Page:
“I think Oklahoma is going to be part of the fight (for the conference title), so this is a really good win for us.” — Texas Tech coach Chris Beard said on the team’s radio broadcast.

Texas Tech’s Norense Odiase produced eight points on 3 of 3 shooting from the field and 2 of 2 at the line.

Oklahoma rallies in the second half to beat UTSA, 87-67

UTSA sophomore guard Keaton Wallace. Oklahoma beat UTSA 87-67 on Monday, Nov. 12, 2018, at the UTSA Convocation Center.

UTSA sophomore Keaton Wallace pulls up for a shot Monday night with OU forward Brady Manek defending. Wallace scored a team-high 16 points. — Photo by Joe Alexander

For UTSA basketball fans stressing out over an 0-2 start, there’s really no reason to panic.

Roadrunners coach Steve Henson will find a way — that is, if you believe Oklahoma Sooners coach Lon Kruger.

Trailing by four points six minutes into the second half Monday night, Kruger’s Sooners powered past the Roadrunners, 87-67.

A crowd of 2,494 at he Convocation Center watched as OU manufactured a 39-15 run in the last 14 minutes to turn back a UTSA upset bid.

Combined with a 77-76 loss last week to Division II St. Edward’s, the Roadrunners remain winless leading into a Wednesday night road test at Oklahoma State.

Kruger suggested afterward that Henson, his longtime former assistant, will figure it out.

Remember, Henson is the guy who arrived at UTSA in 2016 to take over a team with five victories the previous season.

UTSA won 14 games in the coach’s first year, followed by 20 last year.

It’s an achievement that has surprised even Kruger, Henson’s coaching mentor since the late 1980s.

“No one is going to work harder at it than Steve and do it with more integrity than Steve,” Kruger said. “That they did it so quickly (in turning around the program) may be a little bit of a surprise.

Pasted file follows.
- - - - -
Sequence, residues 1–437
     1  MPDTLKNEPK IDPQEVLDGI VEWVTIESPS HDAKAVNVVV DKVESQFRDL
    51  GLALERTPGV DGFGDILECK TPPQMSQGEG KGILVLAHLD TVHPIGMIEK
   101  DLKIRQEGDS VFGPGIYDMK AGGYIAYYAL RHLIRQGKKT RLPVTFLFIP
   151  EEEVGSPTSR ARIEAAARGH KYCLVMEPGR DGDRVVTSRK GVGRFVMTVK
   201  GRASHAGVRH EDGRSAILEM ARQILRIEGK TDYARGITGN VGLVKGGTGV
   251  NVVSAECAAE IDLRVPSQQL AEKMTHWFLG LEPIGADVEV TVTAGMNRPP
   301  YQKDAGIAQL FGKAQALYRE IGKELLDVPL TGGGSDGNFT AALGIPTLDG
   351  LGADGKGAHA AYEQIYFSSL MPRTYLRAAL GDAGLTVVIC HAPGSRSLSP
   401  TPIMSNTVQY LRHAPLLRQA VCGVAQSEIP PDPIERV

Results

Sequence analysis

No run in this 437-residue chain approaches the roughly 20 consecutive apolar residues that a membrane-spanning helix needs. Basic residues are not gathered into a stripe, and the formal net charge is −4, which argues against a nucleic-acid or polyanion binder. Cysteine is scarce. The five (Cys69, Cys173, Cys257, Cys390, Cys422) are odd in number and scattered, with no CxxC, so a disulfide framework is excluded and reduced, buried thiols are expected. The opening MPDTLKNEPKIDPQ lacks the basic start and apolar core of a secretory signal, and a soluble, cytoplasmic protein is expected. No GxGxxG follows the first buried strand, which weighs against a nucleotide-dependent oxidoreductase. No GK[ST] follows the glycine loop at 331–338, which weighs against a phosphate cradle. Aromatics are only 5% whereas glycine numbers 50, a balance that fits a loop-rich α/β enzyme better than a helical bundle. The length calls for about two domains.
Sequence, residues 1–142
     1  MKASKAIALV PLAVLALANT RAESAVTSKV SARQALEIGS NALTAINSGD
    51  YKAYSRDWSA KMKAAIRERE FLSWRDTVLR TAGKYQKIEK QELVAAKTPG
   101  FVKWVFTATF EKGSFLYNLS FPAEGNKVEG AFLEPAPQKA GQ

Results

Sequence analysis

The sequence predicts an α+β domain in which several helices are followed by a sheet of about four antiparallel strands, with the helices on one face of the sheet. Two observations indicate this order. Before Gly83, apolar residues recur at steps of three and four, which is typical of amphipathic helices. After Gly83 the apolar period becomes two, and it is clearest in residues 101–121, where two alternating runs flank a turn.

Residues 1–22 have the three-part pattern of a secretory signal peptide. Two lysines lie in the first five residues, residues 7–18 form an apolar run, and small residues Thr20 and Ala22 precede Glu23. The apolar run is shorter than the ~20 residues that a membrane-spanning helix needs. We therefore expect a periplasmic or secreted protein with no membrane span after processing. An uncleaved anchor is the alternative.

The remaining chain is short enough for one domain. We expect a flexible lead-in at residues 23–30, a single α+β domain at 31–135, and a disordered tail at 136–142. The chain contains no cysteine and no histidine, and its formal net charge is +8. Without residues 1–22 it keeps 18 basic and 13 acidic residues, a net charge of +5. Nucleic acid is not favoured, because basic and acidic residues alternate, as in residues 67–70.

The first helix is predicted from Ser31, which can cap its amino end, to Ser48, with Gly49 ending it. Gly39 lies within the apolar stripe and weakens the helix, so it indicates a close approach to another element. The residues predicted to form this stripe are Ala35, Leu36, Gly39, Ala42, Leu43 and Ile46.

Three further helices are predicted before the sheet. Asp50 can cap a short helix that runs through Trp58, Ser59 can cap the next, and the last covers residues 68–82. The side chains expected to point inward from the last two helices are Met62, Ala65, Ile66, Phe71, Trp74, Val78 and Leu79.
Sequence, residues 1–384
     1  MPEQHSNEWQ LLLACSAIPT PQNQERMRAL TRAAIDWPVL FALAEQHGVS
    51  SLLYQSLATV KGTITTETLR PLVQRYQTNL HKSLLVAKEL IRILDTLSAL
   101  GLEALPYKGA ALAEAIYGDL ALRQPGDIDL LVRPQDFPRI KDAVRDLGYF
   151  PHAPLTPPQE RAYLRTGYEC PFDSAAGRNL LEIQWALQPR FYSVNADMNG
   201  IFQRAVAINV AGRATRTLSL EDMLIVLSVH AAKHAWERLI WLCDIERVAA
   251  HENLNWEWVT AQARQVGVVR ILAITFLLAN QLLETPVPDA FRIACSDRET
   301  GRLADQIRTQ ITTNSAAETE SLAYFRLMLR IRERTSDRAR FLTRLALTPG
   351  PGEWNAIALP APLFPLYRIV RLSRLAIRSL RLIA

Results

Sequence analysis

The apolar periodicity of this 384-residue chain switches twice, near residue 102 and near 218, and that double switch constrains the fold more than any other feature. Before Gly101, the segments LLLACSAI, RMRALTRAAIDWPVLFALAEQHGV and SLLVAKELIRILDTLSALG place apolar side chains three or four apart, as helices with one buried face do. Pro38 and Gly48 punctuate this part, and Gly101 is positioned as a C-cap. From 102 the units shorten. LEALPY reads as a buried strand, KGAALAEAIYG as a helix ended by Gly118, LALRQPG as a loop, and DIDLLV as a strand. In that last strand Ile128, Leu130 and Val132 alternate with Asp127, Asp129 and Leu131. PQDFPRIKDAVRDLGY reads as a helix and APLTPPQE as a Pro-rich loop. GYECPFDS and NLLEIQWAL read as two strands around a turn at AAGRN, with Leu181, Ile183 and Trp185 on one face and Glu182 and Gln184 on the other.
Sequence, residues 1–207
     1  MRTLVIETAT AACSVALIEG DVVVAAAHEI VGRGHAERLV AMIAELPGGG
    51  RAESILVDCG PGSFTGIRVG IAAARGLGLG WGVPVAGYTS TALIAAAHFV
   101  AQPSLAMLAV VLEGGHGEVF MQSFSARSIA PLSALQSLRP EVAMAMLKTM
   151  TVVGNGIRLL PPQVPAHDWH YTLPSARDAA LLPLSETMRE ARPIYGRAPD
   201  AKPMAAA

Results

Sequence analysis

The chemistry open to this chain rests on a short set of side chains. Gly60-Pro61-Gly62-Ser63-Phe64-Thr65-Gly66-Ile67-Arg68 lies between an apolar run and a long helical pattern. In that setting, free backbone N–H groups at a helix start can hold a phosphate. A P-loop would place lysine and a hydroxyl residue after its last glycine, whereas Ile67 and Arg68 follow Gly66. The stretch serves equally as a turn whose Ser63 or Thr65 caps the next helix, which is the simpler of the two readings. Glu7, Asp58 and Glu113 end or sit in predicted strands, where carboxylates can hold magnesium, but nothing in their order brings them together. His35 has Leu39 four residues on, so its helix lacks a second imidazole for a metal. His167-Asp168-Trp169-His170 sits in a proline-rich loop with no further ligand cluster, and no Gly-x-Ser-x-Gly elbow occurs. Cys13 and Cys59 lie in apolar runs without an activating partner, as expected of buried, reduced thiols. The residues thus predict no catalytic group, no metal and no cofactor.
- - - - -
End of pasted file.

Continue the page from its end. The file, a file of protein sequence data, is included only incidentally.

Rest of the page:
“No, he’s got all the qualities to be an outstanding coach. He’s been one for two years, and I expect that to continue.

“I like his ball club this year a lot,” said Kruger, whose Sooners improved to 2-0. “You get (Jhivvan) Jackson back healthy and a couple others playing well, I like his team a whole lot.”

Jackson, UTSA’s leading scorer, is due back in December following knee surgery last spring.

Without him, the Roadrunners lack a go-to man when they need a bucket.

As a result, UTSA shot 44 percent against St. Edward’s and followed with 35.6 percent against Oklahoma.

The Roadrunners have also been turnover prone.

They had 19 in the opener and 14 against the Sooners, including several down the stretch.

Henson characterized the team’s mood after the loss as disappointed, “as it should be.”

“Disappointed that we didn’t play the way we needed to,” Henson said. “We fought, competed. Our effort was good. Our focus was good. Preparation was good, and they’re a good team.

“The main topic was turnovers. Some forced. Some unforced. They trapped us a little bit, which is something I thought our team would thrive off of … But (we) didn’t handle that very well.”